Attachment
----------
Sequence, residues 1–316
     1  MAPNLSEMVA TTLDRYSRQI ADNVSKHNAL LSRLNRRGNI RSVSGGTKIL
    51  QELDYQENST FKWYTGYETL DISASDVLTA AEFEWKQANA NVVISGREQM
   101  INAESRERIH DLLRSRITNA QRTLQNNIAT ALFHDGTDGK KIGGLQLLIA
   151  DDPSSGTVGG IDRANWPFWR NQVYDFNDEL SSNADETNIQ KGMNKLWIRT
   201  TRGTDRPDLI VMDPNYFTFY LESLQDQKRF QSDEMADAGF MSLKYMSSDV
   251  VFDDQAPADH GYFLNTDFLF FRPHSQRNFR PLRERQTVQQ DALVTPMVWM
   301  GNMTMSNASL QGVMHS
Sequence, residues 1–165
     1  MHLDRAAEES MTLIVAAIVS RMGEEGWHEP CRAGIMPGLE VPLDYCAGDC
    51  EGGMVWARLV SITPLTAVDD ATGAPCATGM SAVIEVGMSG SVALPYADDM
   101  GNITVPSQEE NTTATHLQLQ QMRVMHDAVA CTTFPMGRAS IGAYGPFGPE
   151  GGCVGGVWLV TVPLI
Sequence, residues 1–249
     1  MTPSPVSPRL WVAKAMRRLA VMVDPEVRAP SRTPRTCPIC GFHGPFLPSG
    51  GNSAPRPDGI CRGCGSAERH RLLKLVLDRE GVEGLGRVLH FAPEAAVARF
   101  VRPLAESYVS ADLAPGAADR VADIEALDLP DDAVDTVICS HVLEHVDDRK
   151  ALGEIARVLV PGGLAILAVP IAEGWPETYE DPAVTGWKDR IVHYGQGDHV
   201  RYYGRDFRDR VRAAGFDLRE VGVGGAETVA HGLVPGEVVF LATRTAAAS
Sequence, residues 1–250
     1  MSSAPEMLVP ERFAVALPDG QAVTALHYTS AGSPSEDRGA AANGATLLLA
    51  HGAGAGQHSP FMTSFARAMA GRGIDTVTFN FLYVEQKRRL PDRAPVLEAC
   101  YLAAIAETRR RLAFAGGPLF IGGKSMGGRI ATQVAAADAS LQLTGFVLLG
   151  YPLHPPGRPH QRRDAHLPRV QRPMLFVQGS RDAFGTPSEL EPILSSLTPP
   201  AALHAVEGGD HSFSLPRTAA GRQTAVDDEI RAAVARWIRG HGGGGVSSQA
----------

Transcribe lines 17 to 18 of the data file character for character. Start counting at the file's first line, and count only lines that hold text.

   101  VRPLAESYVS ADLAPGAADR VADIEALDLP DDAVDTVICS HVLEHVDDRK
   151  ALGEIARVLV PGGLAILAVP IAEGWPETYE DPAVTGWKDR IVHYGQGDHV